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Adding a Path Prefix

Many applications are hosted at something other than the root (/) of their domain.

For example, a Gatsby blog could live at or a site could be hosted on GitHub Pages at

Each of these sites need a prefix added to all paths on the site. So a link to /my-sweet-blog-post/ should be rewritten to /blog/my-sweet-blog-post.

In addition links to various resources (JavaScript, CSS, images, and other static content) need the same prefix, so that the site continues to function and display correctly, even if served from this path prefix.

Let’s get this functionality implemented. We’ll add an option to our gatsby-config.js, and add a flag to our build command.

Add to gatsby-config.js

module.exports = {
  pathPrefix: `/blog`,


Once the pathPrefix is specified in gastby-config.js, we are well on our way to a prefixed app. The final step is to build out your application with a flag --prefix-paths, like so:

gatsby build --prefix-paths

If this flag is not passed, Gatsby will ignore your pathPrefix and build out your site as if it were hosted from the root domain.

In-app linking

As a developer using this feature, it should be seamless. We provide APIs and libraries to make using this functionality a breeze. Specifically, the Link component has built-in functionality to handle path prefixing.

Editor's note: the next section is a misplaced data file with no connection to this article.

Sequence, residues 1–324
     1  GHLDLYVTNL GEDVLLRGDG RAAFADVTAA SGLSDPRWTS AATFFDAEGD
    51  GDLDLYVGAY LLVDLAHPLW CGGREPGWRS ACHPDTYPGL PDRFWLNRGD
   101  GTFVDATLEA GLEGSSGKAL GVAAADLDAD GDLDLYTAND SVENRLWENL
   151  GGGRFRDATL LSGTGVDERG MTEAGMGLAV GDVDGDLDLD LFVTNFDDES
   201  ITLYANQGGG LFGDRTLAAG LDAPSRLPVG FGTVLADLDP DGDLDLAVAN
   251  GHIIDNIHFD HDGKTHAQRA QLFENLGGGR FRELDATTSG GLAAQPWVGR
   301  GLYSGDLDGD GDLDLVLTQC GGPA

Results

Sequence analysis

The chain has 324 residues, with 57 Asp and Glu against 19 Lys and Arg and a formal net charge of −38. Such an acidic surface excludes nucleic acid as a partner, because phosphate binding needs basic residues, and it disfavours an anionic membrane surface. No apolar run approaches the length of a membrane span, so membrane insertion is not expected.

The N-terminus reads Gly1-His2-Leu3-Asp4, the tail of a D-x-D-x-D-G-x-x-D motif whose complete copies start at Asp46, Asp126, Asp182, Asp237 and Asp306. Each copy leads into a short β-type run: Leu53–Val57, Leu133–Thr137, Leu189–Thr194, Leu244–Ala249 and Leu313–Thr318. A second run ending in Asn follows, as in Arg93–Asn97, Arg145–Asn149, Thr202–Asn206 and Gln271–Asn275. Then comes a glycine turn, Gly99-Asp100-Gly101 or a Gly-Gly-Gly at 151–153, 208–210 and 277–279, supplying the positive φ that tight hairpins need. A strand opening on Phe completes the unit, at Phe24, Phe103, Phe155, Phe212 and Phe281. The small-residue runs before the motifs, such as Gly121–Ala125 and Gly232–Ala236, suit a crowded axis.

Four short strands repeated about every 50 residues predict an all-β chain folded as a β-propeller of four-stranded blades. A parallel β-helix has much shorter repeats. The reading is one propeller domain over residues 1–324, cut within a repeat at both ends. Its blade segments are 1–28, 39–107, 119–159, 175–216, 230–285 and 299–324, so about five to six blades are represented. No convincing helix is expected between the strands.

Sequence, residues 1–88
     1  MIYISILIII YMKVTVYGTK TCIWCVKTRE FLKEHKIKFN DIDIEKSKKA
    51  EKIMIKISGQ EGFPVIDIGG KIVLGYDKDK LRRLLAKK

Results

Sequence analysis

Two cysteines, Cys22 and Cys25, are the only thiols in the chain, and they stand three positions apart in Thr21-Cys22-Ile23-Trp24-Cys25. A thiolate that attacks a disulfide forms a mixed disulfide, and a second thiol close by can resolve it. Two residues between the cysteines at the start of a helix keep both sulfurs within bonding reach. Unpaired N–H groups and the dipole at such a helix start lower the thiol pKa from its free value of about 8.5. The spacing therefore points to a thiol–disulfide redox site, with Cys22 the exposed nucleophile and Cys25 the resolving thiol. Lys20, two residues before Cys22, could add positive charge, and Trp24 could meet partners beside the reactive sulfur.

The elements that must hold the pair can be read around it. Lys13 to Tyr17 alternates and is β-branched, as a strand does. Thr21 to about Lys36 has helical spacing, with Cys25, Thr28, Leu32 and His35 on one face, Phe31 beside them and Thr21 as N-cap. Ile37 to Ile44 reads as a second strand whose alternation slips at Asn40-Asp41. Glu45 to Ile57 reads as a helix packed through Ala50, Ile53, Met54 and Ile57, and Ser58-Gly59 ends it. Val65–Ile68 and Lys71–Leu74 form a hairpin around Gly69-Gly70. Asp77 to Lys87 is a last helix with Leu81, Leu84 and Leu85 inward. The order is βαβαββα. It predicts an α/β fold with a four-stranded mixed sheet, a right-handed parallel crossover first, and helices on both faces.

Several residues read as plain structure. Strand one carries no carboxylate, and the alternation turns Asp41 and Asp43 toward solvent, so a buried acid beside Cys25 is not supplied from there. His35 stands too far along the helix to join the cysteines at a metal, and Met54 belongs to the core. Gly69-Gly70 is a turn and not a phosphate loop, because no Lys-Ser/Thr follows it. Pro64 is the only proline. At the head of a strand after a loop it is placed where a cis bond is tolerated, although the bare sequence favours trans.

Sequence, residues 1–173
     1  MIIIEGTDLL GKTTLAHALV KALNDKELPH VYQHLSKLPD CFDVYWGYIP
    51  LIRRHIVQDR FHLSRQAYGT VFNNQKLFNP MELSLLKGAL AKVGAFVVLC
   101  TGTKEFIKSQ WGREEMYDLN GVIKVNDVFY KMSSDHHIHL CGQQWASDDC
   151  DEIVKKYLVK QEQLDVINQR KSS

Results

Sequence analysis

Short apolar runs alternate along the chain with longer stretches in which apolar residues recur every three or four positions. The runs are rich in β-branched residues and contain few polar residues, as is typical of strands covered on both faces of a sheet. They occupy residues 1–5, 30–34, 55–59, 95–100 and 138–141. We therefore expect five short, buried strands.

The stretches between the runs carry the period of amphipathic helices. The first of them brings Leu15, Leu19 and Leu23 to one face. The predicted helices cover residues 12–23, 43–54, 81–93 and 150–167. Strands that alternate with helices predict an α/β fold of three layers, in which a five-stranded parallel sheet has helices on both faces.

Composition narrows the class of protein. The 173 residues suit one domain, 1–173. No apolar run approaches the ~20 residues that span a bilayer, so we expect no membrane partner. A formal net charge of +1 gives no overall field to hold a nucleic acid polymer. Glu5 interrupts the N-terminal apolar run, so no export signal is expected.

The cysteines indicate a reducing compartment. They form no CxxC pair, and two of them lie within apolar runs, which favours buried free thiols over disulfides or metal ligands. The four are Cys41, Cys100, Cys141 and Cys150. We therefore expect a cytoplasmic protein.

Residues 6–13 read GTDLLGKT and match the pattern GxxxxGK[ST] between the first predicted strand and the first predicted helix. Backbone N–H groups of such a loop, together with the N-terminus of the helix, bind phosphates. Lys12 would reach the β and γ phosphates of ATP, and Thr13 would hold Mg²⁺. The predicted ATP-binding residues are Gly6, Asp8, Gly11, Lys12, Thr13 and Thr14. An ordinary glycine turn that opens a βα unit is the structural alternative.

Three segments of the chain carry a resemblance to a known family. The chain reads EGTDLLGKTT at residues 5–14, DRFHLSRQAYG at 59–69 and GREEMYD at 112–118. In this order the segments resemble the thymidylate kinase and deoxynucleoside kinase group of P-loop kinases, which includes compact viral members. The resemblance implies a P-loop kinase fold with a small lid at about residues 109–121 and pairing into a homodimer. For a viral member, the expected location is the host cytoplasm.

For example, if we want to link to our /page-2 link (but the actual link will be prefixed, e.g. /blog/page-2) we don’t want to hard code this path prefix in all of our links. We have your back! By using the Link component, we will automatically prefix your paths for you. If you later migrate off of pathPrefix your links will still work seamlessly.

Let’s look at a quick example.

import React from "react"
import { Link } from "gatsby"
import Layout from "../components/layout"

function Index() {
  return (
      <Link to="page-2">Page 2</Link>    </Layout>

Without doing anything and merely using the Link component, this link will be prefixed with our specified pathPrefix in gatsby-config.js. Woo hoo!

If we want to do programatic/dynamic navigation, totally possible too! We expose a navigate helper, and this too automatically handles path prefixing.

import React from "react"
import { navigate } from "gatsby"
import Layout from "../components/layout"

export default function Index() {
  return (
      {/* Note: this is an intentionally contrived example, but you get the idea! */}
      <button onClick={() => navigate("/page-2")}>        Go to page 2, dynamically

Additional Considerations

The assetPrefix feature can be thought of as semi-related to this feature. That feature allows your assets (non-HTML files, e.g. images, JavaScript, etc.) to be hosted on a separate domain, for example a CDN.

This feature works seamlessly with assetPrefix. Build out your application with the --prefix-paths flag and you’ll be well on your way to hosting an application with its assets hosted on a CDN, and its core functionality available behind a path prefix.

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